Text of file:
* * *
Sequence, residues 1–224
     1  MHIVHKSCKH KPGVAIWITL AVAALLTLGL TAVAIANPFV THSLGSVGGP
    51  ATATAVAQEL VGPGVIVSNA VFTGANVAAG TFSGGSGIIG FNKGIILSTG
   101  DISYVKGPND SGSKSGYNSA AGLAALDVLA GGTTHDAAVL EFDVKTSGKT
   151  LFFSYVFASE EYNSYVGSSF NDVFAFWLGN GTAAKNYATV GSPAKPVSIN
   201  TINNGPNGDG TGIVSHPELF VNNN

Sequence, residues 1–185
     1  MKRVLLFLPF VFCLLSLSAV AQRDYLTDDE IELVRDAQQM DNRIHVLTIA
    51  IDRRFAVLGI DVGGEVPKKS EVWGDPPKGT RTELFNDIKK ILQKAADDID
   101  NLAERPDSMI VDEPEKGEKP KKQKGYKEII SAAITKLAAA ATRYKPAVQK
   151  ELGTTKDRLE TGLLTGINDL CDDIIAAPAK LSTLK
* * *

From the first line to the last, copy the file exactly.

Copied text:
Sequence, residues 1–224
     1  MHIVHKSCKH KPGVAIWITL AVAALLTLGL TAVAIANPFV THSLGSVGGP
    51  ATATAVAQEL VGPGVIVSNA VFTGANVAAG TFSGGSGIIG FNKGIILSTG
   101  DISYVKGPND SGSKSGYNSA AGLAALDVLA GGTTHDAAVL EFDVKTSGKT
   151  LFFSYVFASE EYNSYVGSSF NDVFAFWLGN GTAAKNYATV GSPAKPVSIN
   201  TINNGPNGDG TGIVSHPELF VNNN

Sequence, residues 1–185
     1  MKRVLLFLPF VFCLLSLSAV AQRDYLTDDE IELVRDAQQM DNRIHVLTIA
    51  IDRRFAVLGI DVGGEVPKKS EVWGDPPKGT RTELFNDIKK ILQKAADDID
   101  NLAERPDSMI VDEPEKGEKP KKQKGYKEII SAAITKLAAA ATRYKPAVQK
   151  ELGTTKDRLE TGLLTGINDL CDDIIAAPAK LSTLK